Why we need new solutions to perennial Human Resource challenges: employee experience and the future of work
“Does SAP do the same thing now that we did in the 1970s? In principle, yes, but how we do it is much, much different” – Hasso Plattner, Sapphire Conference, 2021
This statement by the founder and chairman of SAP captures an often overlooked truth about business. The fundamental challenges of running organizations change little over time. Things like controlling costs, managing inventory, and engaging people are perennial challenges in the sense they never go away. What changes are the nature of these challenges and the solutions used to address them. Unfortunately, because these challenges are familiar leaders may assume they know how to solve them without realizing that solutions that worked in the past will not work in the future. This is particularly true when it comes to perennial Human Resource (HR) challenges.
Most HR challenges are associated with attracting, motivating, engaging, and developing people. The fundamental psychology of people does not change much over time, despite the somewhat ageist claims about generational differences bandied about in the HR market. For example, employees are most effective at dealing with change when the experience of work makes them feel confident, appreciated, and fulfilled. This has always been true because it reflects basic human psychological needs. To use an analogy, challenges faced by HR leaders are a bit like challenges faced by party organizers. Both have to do with creating positive human experiences. For parties, this means getting people to dance. Dancing has been associated with great parties since the dawn of human history. A perennial challenge to throwing a good party is figuring out what music will inspire people to dance. But what it takes to address this challenge has changed over time based on people’s expectations about music, the types of songs available, and the technology used to play them. In 1920 people solved this challenge by putting some Jelly Roll Morton on a Victrola. Now we download a playlist by the Weeknd onto a smart phone. Whether we are building workforces or throwing parties, the basic challenges do not change because they are about psychological truths. Employees want to be appreciated at work and people want to dance at parties. But how we address these challenges constantly changes. And solutions that worked in the past can fail miserably now.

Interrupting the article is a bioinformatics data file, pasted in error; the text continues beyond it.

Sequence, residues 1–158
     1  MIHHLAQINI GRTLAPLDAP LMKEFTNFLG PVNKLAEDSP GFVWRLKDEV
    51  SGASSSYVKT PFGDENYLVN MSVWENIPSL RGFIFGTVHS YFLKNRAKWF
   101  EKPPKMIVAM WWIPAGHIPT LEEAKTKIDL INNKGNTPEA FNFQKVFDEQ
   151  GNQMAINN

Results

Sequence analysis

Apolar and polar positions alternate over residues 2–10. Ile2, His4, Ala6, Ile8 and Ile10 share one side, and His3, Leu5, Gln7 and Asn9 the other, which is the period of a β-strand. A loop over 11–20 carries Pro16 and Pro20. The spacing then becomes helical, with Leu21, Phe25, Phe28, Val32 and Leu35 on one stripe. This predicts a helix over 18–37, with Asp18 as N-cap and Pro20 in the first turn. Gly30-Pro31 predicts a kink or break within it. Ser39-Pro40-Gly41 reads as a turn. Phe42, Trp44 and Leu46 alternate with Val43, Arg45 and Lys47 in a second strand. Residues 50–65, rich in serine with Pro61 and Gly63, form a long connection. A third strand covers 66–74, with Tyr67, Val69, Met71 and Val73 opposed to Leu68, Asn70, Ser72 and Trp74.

The role of employee experience in solving perennial HR challenges.